• Guarantees of Medicaid eligibility or other government benefits.
• Agencies, entities or groups which have as their “sole job”the securing of Medicaid benefits for you. These entities may not have any liability to you if they fail to secure Medicaid eligibility.
Exposure to Risks When an Elder Law Attorney Is Not Used 

The law has many nuances and intricacies. An Elder Law Attorney has the obligation to ensure
that you are fully informed of all the provisions of law related to Medicaid, and to accurately answer any questions you may have. The Elder Law Attorney does not work for the nursing home. In fact, the Elder Law Attorney has an ethical duty to advocate for you and your interests.

Failing to use an Elder Law Attorney could expose you to the following risks:
• Failure to be fully informed of spousal rights;

• Failure to be informed of oppor-tunities for asset protection;
• Incomplete or inaccurate application submission;
• Denial of application due to failure to provide information;
• Failure to be informed of consequences of prior actions;
• Imposition of a penalty period for which mitigation strategies could have been implemented;

• Failure to have a dedicated advocate working with you through the process.

To learn read THE TOP 8 MEDICAID PLANNING MISTAKES click here.

Regards,

Brian

Appeals Court Upholds Class Certification of Nursing Home Residents Seeking Community-Based Alternatives

A U.S. Court of Appeals upholds a district court ruling that granted class certification to a group of disabled nursing home residents who complained of a lack of Medicaid-funded community-based alternatives.  In re District of Columbia, (D.C. Cir., No. 14-8001, June 26, 2015).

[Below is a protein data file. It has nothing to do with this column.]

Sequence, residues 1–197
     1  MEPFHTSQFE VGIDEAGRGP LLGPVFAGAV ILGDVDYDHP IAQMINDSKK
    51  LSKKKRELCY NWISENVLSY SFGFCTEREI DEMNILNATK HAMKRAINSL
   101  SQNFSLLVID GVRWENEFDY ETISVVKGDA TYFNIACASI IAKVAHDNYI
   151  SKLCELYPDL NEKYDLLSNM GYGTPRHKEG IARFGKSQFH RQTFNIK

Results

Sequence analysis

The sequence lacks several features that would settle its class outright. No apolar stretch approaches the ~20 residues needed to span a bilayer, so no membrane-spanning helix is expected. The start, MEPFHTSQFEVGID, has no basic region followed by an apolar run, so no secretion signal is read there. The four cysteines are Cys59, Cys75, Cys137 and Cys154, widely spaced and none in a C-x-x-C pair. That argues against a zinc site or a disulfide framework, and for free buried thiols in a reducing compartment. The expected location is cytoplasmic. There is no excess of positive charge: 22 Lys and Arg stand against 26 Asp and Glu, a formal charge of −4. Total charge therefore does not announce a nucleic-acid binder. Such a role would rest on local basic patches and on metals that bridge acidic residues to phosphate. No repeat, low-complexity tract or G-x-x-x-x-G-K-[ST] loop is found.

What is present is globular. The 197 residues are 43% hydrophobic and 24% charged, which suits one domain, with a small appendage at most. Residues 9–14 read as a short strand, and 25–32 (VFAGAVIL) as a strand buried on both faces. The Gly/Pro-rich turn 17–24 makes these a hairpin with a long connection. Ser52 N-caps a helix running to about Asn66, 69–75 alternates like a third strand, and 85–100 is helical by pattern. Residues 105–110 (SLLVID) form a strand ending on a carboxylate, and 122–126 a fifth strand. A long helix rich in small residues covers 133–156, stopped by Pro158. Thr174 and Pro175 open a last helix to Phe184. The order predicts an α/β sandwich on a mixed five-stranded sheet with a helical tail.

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The plaintiffs, a group of disabled nursing home residents receiving Medicaid-funded long term care, sued the District of Columbia for allegedly violating its obligation, pursuant to the Americans with Disabilities Act, to provide services to the disabled in the most appropriate, integrated setting. The plaintiffs filed a motion seeking class certification, asserting that they were all similarly situated nursing home residents who wanted to live in the community but were forced to remain institutionalized against their will.

The U.S. District Court for the District of Columbia granted the motion for class certification, finding that alleged systemic deficiencies, such as the District’s failure to offer sufficient discharge planning or to provide residents with meaningful choices of community-based alternatives to nursing home care, were sufficient bases upon which to certify the class.

The District filed a petition for permission to file an interlocutory appeal of the district court’s ruling certifying the class.  The District argued that the lower court committed manifest error by failing to identify policies or practices that were common to all members of the class and that were amenable to class-wide resolution.

The U.S. Court of Appeals for the District of Columbia Circuit disagrees and upholds the class certification.  The court concludes that it was not manifest error for the lower court to find the allegations of systemic deficiencies in the program sufficient to establish a class of plaintiffs.

For the full text of this decision, click here.